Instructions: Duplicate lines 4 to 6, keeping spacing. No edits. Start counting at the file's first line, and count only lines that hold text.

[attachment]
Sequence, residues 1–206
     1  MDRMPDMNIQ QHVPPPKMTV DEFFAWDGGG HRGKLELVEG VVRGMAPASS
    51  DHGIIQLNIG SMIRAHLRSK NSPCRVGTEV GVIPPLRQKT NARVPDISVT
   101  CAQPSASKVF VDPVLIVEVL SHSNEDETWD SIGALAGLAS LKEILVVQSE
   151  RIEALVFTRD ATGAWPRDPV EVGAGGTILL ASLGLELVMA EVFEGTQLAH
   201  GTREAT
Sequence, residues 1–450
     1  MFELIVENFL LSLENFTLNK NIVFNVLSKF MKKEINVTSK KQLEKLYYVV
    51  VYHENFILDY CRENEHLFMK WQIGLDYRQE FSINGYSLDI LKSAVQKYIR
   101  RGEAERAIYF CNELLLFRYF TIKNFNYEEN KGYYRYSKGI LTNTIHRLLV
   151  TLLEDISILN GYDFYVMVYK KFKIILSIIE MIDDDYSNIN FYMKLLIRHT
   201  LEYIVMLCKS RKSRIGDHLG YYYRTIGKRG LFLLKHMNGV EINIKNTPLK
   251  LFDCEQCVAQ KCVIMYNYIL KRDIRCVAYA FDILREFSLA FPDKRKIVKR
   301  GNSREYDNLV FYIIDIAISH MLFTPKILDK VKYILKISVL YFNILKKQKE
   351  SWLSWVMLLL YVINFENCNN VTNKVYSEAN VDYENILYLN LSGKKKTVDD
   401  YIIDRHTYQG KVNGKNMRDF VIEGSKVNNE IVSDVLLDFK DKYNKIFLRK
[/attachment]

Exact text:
   101  CAQPSASKVF VDPVLIVEVL SHSNEDETWD SIGALAGLAS LKEILVVQSE
   151  RIEALVFTRD ATGAWPRDPV EVGAGGTILL ASLGLELVMA EVFEGTQLAH
   201  GTREAT